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How to Eliminate Credit Card Debt
As the credit card industry continues to grow by leaps and bounds, the numbers of those who are caught and trapped in cycles of debt continue to rise. However, one reason the situation continues to worsen is that many debtors are unwilling to face up to the fact that this is, indeed, a problem.
On a personal level, the amount owed can be so high that one might struggle to even admit it to themselves or others, much less to take responsibility for it and try to attack it head-on. Though it may be easier to simply drift along with the current and live in denial, the important thing to recognize here is that this is a real problem and it is personal.
If you are in credit card debt right now, realize that no one else will be able to take ownership or responsibility for it. Ignoring the situation will not make it go away. You need to go back to the basics and really evaluate your lifestyle. If you have already acknowledged what you owe and are ready to turn things around, the following are practical steps that you can take to confront and overcome this problem. Each is explained in detail below.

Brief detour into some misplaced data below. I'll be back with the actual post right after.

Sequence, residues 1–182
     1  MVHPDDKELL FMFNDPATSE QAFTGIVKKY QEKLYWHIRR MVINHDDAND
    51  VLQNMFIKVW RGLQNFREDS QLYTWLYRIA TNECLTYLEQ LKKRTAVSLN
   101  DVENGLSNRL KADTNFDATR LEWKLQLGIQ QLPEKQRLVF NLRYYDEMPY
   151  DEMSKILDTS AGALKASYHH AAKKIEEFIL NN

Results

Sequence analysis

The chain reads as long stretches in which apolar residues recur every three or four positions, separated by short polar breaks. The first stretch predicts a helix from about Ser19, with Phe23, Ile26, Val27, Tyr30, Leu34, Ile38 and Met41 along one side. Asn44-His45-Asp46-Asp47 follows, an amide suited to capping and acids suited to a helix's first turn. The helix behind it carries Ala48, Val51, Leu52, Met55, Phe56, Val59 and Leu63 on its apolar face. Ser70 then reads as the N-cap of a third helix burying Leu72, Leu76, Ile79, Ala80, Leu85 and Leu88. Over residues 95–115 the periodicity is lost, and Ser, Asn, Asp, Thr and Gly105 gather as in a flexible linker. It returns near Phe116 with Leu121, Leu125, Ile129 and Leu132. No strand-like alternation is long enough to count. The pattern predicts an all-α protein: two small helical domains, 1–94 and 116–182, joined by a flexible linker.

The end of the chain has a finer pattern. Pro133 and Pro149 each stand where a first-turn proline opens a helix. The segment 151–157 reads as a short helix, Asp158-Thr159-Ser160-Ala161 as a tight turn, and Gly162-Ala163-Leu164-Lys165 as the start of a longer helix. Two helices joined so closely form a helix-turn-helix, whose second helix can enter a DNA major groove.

Addressing Your Credit Card Debt in 6 Steps
- Assess the situation.
- Establish a timeline.
- Begin to counteract.
- Rethink plastic.
- Control your spending.
- Manage your accounts.
1. Assess the Situation
You first need to make a clear assessment of the present situation you are in. You can do this by pulling up a spreadsheet and creating a table with the following fields:
- The name of the credit card
- The balance
- The monthly date when the credit card bill payment is due
- APR or Annual percentage rate
- Reward points on your card
- Redemption offers applicable to your reward points
- Remarks section
Use the information available from your credit card records to fill up this table. Identify the credit card that is the highest contributor to your debt. This will be the card that has the highest APR and the highest balance.
Make it your ambition to begin by eliminating the debt on this card first. Check if you can use reward points to offset some of the fees. Also, see if points can be exchanged for something that you usually procure in your day-to-day life. The less you are able to spend, the better.